It’s a common scene around to see teens carrying the mobiles and is the class emerging as the biggest users of SMS and MMS. Even the school going kids have successfully nagged them from their parents to posses them.

Many television programs even few leading news channels use the SMS Votes, Mobile ring tones, wall papers for latest blockbusters earn quite a few more crores via exclusive rights’ sold to telecom operators / marketers.


MTV’s youth-oriented programs like VJ Hunt in India now incorporate SMS voting by audiences to make them feel more involved in the competitions – while also earning extra money from tie-ups with mobile operators. Some mobile operators in India report downloads of over 300,000 mobile games a month, mostly by youth. Says a recent article by Madanmohan Rao, co-editor of “Asia Unplugged: The Wireless and Mobile Media Boom in the Asia-Pacific” highlights few of the interesting points…

>> The fact that youth, especially teens, are the biggest users of SMS and MMS services in markets around the world is drawing increasing attention from marketers. Mobile marketing campaigns for youth audiences are now being devised for everything ranging from new product launches and mobile coupons and mobile auctions assuring vast potential for a whole new crop of mobile start-ups specialising in marketing services and research.

>> The growing penetration of mobile phones among youth means that channels like SMS can be harnessed by other players as well – such as educational institutes which perhaps India is yet to unleash. Some studies show that as much as 89 per cent of SMS messages sent by youth are to their friends.

>> For the youth market, the key target is mobile devices, which constitute an exploding market, according to Chan. IDC predicts sales of over 26 million MP3 players in 2006, up from 3.3 million in 2000. Apple’s iPod is becoming a cultural phenomenon not just in the US but Europe and Asia as well (July 2004 marked the India launch).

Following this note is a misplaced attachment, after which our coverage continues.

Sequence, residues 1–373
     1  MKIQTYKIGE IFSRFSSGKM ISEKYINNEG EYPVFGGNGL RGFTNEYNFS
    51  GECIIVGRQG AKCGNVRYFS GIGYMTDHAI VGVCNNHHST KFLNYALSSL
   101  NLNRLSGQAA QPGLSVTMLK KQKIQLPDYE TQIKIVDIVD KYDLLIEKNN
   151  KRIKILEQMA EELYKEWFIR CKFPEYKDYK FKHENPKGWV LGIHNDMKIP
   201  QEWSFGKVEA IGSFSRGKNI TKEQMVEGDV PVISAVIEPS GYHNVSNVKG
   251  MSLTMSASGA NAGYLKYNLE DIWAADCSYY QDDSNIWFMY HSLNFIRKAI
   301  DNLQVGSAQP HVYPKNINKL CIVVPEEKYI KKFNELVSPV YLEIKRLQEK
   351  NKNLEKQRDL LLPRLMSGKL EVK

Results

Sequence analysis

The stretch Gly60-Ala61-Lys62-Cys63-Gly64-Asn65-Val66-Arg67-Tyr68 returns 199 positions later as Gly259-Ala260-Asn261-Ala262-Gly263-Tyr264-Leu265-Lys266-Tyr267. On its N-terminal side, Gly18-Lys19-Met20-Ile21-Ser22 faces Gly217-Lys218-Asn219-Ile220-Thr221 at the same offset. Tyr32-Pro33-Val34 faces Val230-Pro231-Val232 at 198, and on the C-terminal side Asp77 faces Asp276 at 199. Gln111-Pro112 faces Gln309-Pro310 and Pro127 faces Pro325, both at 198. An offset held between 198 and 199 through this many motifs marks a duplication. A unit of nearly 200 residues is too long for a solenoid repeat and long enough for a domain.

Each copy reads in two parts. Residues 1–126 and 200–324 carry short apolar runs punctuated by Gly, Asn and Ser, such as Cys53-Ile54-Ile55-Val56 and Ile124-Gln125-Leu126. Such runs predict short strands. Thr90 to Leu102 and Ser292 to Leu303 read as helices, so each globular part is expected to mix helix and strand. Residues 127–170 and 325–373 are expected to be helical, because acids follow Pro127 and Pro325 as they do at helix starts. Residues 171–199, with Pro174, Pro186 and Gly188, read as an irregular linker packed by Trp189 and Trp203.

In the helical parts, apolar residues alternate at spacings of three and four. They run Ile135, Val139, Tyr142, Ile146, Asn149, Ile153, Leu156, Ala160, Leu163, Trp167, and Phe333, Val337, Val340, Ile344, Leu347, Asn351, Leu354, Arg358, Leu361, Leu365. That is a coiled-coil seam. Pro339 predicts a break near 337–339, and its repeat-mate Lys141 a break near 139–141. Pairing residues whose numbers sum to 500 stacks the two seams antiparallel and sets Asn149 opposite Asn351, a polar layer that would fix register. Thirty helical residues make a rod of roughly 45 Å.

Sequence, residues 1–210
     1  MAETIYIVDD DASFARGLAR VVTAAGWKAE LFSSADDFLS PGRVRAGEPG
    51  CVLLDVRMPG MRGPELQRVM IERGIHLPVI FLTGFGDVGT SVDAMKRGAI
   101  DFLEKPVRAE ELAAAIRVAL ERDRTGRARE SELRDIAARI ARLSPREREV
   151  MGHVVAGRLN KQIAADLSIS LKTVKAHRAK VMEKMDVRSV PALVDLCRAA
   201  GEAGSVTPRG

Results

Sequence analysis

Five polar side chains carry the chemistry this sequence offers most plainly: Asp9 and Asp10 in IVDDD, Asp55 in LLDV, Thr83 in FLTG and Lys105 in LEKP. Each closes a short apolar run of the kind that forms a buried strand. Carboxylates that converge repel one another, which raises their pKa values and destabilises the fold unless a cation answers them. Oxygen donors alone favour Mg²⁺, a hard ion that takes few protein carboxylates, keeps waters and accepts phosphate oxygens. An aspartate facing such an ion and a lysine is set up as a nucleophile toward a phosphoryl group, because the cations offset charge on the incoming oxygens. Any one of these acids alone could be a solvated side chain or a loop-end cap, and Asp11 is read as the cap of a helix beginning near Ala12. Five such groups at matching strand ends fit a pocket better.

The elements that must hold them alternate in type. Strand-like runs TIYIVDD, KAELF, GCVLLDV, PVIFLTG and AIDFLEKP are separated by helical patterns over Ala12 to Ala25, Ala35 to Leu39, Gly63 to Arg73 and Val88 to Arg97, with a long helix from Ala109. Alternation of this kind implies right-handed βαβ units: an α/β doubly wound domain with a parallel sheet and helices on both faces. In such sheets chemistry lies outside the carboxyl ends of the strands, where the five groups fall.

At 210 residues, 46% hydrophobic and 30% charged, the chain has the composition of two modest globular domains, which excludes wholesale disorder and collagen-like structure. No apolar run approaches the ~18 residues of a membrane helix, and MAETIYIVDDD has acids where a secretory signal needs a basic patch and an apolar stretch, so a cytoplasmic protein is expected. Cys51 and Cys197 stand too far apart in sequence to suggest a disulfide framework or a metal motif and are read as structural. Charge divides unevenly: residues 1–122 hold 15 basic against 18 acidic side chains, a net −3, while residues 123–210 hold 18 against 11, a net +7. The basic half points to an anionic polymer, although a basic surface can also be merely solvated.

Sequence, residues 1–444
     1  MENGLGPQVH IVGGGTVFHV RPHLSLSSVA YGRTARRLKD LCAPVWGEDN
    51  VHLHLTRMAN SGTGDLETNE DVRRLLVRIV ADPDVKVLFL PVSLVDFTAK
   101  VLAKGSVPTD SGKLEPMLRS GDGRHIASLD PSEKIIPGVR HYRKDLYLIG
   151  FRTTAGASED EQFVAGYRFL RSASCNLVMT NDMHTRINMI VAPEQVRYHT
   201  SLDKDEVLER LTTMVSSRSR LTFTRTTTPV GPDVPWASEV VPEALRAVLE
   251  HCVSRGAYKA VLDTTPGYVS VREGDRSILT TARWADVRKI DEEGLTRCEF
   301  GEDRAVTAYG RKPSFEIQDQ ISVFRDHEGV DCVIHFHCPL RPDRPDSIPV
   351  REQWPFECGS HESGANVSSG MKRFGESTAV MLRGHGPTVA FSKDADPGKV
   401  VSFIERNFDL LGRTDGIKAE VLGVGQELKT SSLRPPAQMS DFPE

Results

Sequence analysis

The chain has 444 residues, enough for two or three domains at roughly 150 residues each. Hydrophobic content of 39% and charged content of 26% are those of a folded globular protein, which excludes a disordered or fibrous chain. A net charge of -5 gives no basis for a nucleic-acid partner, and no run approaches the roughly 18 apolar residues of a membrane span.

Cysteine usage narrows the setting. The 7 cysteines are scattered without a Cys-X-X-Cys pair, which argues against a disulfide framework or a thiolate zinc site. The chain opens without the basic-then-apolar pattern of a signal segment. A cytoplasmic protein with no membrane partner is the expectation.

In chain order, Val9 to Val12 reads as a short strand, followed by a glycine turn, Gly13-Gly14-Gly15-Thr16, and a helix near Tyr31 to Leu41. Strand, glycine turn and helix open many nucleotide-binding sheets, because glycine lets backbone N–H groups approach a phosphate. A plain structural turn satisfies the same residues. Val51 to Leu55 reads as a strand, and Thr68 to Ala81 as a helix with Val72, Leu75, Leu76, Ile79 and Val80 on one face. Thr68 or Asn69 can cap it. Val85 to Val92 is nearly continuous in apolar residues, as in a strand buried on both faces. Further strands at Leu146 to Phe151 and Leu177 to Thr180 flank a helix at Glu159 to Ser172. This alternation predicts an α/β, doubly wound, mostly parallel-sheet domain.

>> Youth are much more willing to experiment, especially with new media. The challenge for marketers is to convert today’s youth into tomorrow’s preferred customer..
>> The “Net Generation” consists of youth in the age group 12-24 who grew up with the Net and texting. “It is their oxygen – it is integrated into their communications,” said Kim Walker, executive director of Aegis Media Asia Pacific. Forming groups, doing things together, meeting new people and expressing themselves via multiple media are key youth activities.
>> The digital environment is where young people in many countries can best related to your brand and develop the strongest affinity,” advised Walker. Successful marketing to youth should entertain and empower, be very responsive to their queries and needs, give them free reign in designing Web content, and engage them in quick-win SMS-based competitions. Marketing campaigns should have functional, educational and emotional components built in to successfully target youth.
Now I no longer wonder why our 13 year old is after us to provide him the Mobile, with his KPC ( Keep Parents Clueless) justification of being reachable all the time, just incase his extra classes take longer than our expectation, …blah blah blah…

7 Comments so far

  1. Dev (unregistered) on March 9th, 2007 @ 11:17 am

    Nice post. Reminds me of Japan where you find school kids with mobiles always typing out SMSs

  2. Dev (unregistered) on March 9th, 2007 @ 11:17 am

    Nice post. Reminds me of Japan where you find school kids with mobiles always typing out SMSs

    Always thought that was indulgence of a developed nation, looks like India has caught on this as well

  3. Ravi (unregistered) on March 9th, 2007 @ 11:30 am

    Interesting info, Rajesh. Am now waiting for the time when our 11 year old will slowly bring up the topic of wanting a cell!

  4. Rajesh (unregistered) on March 9th, 2007 @ 12:43 pm

    be prepared Ravi. the day may not be that long!!

  5. R.A. Levin (unregistered) on March 9th, 2007 @ 1:48 pm

    I’m not sure that the “developed nation” tag is even applicable these days, Dev.
    Much of the States (especially where I live) couldn’t be called developed, at least by international standards.
    Still, I see even pre-school age kids babbling away on those $%&*( mobiles fairly regularly. Goodness knows what they’re prattling on about,though. :))
    (or what I’m nattering about either, so I’ll shut up now. Lol!)


  6. Rajesh (unregistered) on March 9th, 2007 @ 1:52 pm

    Humm, robert, that’s what they term as Generation – GAP. isn’t it!! For these teens prattling seems to be everything life is all about!!


  7. R.A. Levin (unregistered) on March 9th, 2007 @ 2:41 pm

    Very true, Raj. Wer’e not getting any younger. :))


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